Lim Yi-jo Celebrates 55th Year of Dance
For some, Korean traditional dance may seem slow and too subtle, but according to dancer Lim Yi-jo, that's just the way it's supposed to be.
``It's an old form, we must be patient when dancing and even watching,'' he said, smiling during an interview with The Korea Times at the dance theater Tuesday.
The 61-year-old dancer, artistic director of the Seoul Metropolitan Dance Theater and the Important Intangible Cultural Asset No. 97 for the Salpuri-chum, celebrates the 55th year of his career, and has prepared a special performance just for the occasion.
``It's been a long time, 55 years. Even now I can't believe so much time has passed. The upcoming performance will be a reflection of myself and my work, and also something extra special,'' he said, laughing.
Lee started dancing when he was six years old after watching a performance with his mother at the age of four. His mother, who was also a dancer, had a dream when she conceived him, and Lee believed it was a calling from heaven.
``A whole group of swallowtail butterflies flew toward her. When I came back home from the performance, she said I kept on asking for music and costumes, and that was when she realized that this child was destined to dance,'' he said.
But dancing became difficult, especially financially, after his mother passed away when he was 11 years old. But the young Lee didn't give up and he still believes he made the right choice to continue.
``It was a way of remembering and grieving for my mother. I danced when I missed her and that helped me endure. I think I would choose dancing even in my next life,'' he said.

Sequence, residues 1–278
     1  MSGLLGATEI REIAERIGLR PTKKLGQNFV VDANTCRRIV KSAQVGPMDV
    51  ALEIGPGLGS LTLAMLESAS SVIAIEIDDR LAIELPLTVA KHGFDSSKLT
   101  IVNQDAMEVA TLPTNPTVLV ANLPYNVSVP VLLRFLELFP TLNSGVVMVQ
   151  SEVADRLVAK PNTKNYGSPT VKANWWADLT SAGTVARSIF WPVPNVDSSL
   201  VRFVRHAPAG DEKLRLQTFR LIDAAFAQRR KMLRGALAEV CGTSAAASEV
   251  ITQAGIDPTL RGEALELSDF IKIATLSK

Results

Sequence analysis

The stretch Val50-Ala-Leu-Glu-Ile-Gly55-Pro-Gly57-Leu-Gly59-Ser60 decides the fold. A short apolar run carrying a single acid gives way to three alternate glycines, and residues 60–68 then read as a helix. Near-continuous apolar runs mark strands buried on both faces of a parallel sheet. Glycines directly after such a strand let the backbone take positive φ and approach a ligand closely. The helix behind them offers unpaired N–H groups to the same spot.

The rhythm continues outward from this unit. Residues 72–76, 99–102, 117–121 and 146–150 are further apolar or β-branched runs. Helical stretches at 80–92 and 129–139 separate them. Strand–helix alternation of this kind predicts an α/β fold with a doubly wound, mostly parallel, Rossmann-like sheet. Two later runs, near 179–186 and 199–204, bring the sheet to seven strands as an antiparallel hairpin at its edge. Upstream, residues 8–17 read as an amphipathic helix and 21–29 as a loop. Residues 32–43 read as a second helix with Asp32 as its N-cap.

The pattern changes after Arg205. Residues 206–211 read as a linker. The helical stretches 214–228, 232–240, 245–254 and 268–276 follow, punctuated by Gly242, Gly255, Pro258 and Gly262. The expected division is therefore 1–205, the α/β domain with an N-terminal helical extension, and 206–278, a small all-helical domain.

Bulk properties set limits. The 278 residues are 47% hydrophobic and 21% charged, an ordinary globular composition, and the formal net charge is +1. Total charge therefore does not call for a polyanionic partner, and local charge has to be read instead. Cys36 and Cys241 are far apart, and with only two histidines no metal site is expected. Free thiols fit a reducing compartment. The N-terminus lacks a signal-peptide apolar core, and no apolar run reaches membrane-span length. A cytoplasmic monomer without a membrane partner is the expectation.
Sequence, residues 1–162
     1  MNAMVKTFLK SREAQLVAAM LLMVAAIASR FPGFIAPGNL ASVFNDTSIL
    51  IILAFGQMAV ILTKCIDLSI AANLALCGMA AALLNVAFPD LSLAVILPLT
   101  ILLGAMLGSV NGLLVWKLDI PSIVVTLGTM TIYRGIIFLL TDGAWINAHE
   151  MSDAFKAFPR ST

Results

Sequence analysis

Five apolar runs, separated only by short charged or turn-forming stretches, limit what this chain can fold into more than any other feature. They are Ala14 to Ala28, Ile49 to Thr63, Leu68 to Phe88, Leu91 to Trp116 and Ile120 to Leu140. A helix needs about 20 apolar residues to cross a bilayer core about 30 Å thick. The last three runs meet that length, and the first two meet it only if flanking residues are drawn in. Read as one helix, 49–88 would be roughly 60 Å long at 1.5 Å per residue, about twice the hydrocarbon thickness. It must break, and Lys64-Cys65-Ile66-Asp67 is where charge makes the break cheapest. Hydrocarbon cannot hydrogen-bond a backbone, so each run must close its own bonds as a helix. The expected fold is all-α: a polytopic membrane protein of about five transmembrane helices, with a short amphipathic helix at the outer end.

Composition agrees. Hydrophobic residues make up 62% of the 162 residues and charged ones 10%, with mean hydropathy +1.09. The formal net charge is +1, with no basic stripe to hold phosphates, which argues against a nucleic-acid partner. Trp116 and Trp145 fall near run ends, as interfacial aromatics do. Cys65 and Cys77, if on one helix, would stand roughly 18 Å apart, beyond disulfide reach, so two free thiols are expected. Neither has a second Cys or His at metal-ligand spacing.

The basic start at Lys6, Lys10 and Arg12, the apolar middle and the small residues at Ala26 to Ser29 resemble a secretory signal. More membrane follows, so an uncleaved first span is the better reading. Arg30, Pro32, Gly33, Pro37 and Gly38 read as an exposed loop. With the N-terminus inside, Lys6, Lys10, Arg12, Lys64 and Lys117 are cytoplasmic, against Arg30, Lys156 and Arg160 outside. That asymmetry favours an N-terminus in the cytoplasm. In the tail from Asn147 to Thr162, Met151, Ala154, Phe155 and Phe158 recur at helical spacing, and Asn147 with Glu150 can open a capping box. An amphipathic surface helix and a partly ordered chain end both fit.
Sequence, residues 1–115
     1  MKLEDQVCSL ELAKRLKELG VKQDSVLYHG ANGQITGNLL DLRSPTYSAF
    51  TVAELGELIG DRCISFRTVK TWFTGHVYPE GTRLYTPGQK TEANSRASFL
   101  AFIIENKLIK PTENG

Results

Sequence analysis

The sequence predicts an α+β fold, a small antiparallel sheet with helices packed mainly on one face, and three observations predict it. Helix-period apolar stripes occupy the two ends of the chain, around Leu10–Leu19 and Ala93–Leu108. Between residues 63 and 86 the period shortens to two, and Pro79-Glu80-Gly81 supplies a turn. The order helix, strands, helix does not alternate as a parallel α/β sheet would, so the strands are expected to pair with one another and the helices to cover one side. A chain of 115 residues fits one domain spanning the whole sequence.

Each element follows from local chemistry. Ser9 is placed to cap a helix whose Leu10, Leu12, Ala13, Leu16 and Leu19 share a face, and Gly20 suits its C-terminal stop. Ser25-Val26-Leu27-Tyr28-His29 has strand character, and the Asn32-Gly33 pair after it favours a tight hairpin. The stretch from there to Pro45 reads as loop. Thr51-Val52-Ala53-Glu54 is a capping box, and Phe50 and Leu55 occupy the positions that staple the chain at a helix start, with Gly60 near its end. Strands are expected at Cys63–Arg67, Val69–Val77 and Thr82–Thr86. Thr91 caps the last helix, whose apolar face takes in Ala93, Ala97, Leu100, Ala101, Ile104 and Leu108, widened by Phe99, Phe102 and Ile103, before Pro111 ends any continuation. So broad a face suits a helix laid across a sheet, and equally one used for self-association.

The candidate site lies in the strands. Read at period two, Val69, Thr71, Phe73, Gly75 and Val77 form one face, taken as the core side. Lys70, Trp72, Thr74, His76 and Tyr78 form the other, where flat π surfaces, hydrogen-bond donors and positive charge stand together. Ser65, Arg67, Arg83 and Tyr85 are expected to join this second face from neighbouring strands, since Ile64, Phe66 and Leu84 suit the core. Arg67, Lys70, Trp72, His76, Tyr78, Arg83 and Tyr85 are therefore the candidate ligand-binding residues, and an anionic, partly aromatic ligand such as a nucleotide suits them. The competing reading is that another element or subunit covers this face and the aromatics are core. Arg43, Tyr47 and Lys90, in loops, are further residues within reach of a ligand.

Now a proud father of two, Lee is busy not only taking care of his own work, but also his children's careers: They are both pursuing dancing.
``They say it's a phase for the offspring of dancers to be a bit lazy because they have unconditional support, but that will pass I hope. It's interesting, they know how hard it is to be a dancer, but they still enjoy doing it,'' Lee said, shrugging.
Dancing for over a half century may have made him an expert, but in the case of Korean traditional dance, it requires more than experience and training.
``Korean dance is about control and restraint. It's hard to understand after learning just the basic movements. It needs time and growth. A friend in Poland told me that I looked like a cocoon slowly coming out if its shell. Another Japanese dance critic said it was like the ink slowly staining light paper. The dance is hidden somewhere between the numerous movements, and it takes a keen eye and heart to feel it,'' he explained.
There are various types of traditional dance, including those in groups with colorful costumes, fans and head ornaments, but the most difficult ones are done alone with nothing more than a simple stage, music and the audience.
The two representative repertories, which will also be presented in his upcoming performance, are the salpurichum and the seungmu.
``Salpuri'' literally means to free one from ``sal,'' or all the unlucky events like death and illness, in terms of exorcism, and the dance is done with the dancer on stage alone, dressed in a simple white hanbok, and a long white cloth in hand.
The seungmu, designated as Important Intangible Cultural Asset No. 27, dates back to 1908 and represents Buddhism artistry, with the flowing costumes, long sleeves and the emphasis of the curves and lines of the movements.
``Traditional dance is light and strong at the same time. It doesn't seem sad, but it doesn't seem happy either. It's like meditation,'' said Lee.
The director said he felt sad that he was old now, when he finally knows what he is doing and the true meaning behind it.
``It's more physically demanding than before. My knees and arms hurt, but I am now always deeply touched whenever I dance. I finally realized that I will be dancing until I die, and this is an honor and a road I am willing to take,'' he said.
The upcoming performance ``Mu-eui'' is divided into two acts. The first act will present some of Lee's favorite dance forms like the salpurichum, seungmu and the ``hallyangmu.'' In the second act, the members of the troupe will offer a unique fashion show, presenting traditional dance costumes along with the suitable movements.
``Mu-eui'' will be held at the Sejong Center for the Performing Arts, July 7. Tickets cost from 30,000 won to 70,000 won. For more information, call (02) 929-7247.